If the speaker announces that they will make a number of points, or enumerates longish points as they go along it’s helpful to take a short note of that to give you an overview of the speech you are interpreting. 

eg. 

1. EU

2. past

3. flows

Similarly digressions can be indicated by noting the item that immediately preceded the digresssion plus an indication of the digression (eg. brackets or NB)

immigration  (      )

2.7 Context

Keeping a note of comparative information over the course of a speech, or who has said on the main issue over the course of a debate can be an extremely useful way of keeping an eye on the context in which each subsequent remark is made.

eg.  

FR      112m euro

DE      300m euro

UK      75m euro

or

S & D   against

EPP      for but… amendment 6

ECR      for

Greens against

Notes in Simultaneous, Andy Gillies 2020

Symboles et abréviations – Seleskovitch

The text below is taken from p54-55 of Pedagogie Raisonnee de l’Interpretation, by Lederer and Seleskovitch. Didier Erudition 2002.

This is the only book of its kind so far, written by two of the biggest names in the short history of interpreting and interpreter training. Originally written in 1989 the 2002 edition is also sponsored by the European Commission. It is also now available in translation as “A systematic approach to interpreter training”, Harmer, J.

Download the full work as a pdf

Pédagogie raisonnée de l'interprétation

Les symboles. Quelques signes sont très usités parmi les interprètes ; on les communiquera aux étudiants. Ils ont fait leurs preuves, soit comme passe-partouts : la flèche qui sert à relier, à indiquer les augmentations, les diminutions, les rapports, etc., soit comme termes répétitifs, la chaise symbolique pour chair, quelques-uns pour les liaisons : car, par conséquent, donc, etc. ou pour les oppositions : contre, négatif, etc. On en trouvera des exemples, avec de nombreuses indications sur la manière dont notent les professionnels, dans l’étude que D. Seleskovitch (1975) a consacrée à la prise de notes en interprétation consécutive. Par ailleurs, les principes exposés dans l’opuscule de J.F. Rozan (1956) restent toujours valables.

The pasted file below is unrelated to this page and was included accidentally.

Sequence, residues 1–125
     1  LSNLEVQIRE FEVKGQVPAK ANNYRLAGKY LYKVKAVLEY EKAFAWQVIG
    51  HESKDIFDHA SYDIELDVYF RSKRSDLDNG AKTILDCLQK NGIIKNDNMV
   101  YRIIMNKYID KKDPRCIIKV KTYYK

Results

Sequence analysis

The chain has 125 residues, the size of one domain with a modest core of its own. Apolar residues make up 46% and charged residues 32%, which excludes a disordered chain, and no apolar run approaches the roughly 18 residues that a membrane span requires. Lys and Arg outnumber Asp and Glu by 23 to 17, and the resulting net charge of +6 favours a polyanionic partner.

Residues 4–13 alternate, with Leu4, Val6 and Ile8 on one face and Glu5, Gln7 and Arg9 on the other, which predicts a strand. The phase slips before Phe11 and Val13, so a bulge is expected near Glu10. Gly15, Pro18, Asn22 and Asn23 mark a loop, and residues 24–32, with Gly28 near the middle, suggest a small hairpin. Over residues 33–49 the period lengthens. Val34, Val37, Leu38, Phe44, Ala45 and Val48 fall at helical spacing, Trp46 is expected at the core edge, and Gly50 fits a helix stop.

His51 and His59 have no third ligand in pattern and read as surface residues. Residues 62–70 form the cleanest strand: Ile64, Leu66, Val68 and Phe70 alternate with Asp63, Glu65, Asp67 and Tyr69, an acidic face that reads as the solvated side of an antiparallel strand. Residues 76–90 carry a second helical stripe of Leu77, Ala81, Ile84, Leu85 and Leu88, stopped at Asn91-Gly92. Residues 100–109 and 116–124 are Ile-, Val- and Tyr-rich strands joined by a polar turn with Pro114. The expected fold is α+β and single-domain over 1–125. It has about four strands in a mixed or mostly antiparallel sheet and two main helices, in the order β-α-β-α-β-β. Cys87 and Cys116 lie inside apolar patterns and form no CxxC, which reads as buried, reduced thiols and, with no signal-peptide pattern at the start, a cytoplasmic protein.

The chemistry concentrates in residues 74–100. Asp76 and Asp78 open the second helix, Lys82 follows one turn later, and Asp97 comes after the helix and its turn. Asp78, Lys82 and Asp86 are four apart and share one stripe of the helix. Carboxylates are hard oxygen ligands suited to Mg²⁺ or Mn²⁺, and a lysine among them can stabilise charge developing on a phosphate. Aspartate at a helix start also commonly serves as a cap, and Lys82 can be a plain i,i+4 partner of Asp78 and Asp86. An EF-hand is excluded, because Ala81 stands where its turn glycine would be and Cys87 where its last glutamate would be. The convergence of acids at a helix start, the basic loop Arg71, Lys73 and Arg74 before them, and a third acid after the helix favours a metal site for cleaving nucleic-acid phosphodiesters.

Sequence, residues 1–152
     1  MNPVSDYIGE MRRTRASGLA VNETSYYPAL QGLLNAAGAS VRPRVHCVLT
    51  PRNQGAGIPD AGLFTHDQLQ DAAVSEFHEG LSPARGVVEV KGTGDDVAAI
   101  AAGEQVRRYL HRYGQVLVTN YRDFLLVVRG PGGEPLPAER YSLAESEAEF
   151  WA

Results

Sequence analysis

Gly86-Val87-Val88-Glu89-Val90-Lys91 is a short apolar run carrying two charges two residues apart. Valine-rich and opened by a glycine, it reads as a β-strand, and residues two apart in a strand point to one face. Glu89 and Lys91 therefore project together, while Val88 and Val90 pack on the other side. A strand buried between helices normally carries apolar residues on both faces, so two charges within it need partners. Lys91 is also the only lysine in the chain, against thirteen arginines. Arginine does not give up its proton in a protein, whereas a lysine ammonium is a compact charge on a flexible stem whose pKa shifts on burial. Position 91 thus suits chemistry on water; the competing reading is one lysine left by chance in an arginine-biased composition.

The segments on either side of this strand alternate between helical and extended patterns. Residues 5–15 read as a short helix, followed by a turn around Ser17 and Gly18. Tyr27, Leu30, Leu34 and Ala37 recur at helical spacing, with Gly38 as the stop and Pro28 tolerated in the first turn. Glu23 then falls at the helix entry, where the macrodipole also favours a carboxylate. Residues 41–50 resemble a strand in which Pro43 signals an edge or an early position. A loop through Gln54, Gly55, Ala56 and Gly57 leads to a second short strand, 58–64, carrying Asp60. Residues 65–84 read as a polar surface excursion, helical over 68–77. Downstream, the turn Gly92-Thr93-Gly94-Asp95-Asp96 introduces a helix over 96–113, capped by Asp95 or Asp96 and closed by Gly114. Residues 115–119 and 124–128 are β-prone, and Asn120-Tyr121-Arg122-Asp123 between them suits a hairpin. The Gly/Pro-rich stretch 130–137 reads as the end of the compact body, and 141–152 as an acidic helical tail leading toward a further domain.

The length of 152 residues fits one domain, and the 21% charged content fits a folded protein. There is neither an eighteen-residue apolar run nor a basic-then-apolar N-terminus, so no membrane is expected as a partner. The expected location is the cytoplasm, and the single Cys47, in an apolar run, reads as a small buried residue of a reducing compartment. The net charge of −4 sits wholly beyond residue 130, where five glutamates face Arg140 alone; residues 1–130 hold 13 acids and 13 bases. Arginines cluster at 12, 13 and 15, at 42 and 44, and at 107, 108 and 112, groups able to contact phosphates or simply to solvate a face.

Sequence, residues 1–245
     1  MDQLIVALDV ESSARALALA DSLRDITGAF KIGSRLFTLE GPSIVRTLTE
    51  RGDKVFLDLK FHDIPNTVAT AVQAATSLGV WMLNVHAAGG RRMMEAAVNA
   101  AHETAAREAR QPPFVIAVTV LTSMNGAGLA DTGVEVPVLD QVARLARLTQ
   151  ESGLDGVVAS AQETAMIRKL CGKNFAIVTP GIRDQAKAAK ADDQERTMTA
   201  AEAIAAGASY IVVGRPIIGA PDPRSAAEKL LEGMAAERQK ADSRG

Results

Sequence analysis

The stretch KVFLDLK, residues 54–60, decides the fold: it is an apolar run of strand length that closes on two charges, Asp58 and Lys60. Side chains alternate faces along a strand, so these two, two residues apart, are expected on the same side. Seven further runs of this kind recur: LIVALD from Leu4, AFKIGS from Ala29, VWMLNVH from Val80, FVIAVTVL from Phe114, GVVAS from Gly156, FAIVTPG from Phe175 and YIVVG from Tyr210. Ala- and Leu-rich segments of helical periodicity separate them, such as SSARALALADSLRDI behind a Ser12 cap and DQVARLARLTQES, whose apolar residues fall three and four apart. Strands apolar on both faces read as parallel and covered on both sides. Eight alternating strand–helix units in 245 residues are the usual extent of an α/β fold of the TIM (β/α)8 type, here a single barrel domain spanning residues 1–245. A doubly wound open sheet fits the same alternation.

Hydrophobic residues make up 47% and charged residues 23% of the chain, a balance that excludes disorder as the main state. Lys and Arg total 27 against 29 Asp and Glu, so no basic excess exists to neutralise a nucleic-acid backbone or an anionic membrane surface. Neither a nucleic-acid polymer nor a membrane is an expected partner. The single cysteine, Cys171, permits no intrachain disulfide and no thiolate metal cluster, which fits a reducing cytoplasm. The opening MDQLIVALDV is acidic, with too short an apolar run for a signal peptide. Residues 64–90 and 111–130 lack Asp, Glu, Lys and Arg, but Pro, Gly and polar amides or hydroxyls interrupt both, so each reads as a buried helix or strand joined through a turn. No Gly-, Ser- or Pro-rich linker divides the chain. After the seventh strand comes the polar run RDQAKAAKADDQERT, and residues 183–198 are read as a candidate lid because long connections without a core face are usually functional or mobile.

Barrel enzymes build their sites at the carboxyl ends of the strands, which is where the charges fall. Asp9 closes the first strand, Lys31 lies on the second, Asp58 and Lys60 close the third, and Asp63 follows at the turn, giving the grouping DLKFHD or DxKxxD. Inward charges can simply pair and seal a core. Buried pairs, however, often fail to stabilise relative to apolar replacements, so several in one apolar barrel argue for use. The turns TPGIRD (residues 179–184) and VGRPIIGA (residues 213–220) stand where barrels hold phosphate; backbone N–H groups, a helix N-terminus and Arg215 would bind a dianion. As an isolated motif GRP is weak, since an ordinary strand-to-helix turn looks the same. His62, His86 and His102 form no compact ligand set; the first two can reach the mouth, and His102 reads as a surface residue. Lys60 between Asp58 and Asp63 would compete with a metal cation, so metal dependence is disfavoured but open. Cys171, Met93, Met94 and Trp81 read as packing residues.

On mettra en garde les étudiants contre l’élaboration de listes de symboles. Certains seraient tentés d’adopter une sorte de table de conversion qui, une fois bien maîtrisée et appliquée avec rigueur, fournirait une traduction qu’il n’y aurait plus qu’à lire. Rien ne serait plus dangereux car toute application machinale de correspondances (ici mot-signe-mot) conduirait à un littéralisme catastrophique. Rien ne s’oppose par contre à l’imagination de ceux qui traceraient une image pour retenir une idée, à condition qu’elle soit création instantanée. 

Les abréviationsOn attirera l’attention des étudiants sur les avantages et les inconvénients de l’utilisation d’abréviations. L’interprète de consécutive est toujours à court de temps. Il doit analyser le discours à mesure que celui-ci se déroule, il ne peut se permettre de prendre du retard à l’écriture. Il est donc pratique d’abréger. 

Toute une série de termes ont des abréviations comprises et acceptées de tous : pour noter les noms de pays, on pourra utiliser le symbole des plaques minéralogiques : pour Allemagne, DK pour Danemark, etc. Les unités de mesure ont toutes leurs abréviations courantes, km pour kilomètre, kwh pour kilowattheure. On aura recours aux symboles du tableau de Mendeleïev pour noter les éléments chimiques : O pour oxygène, Pu pour plutonium…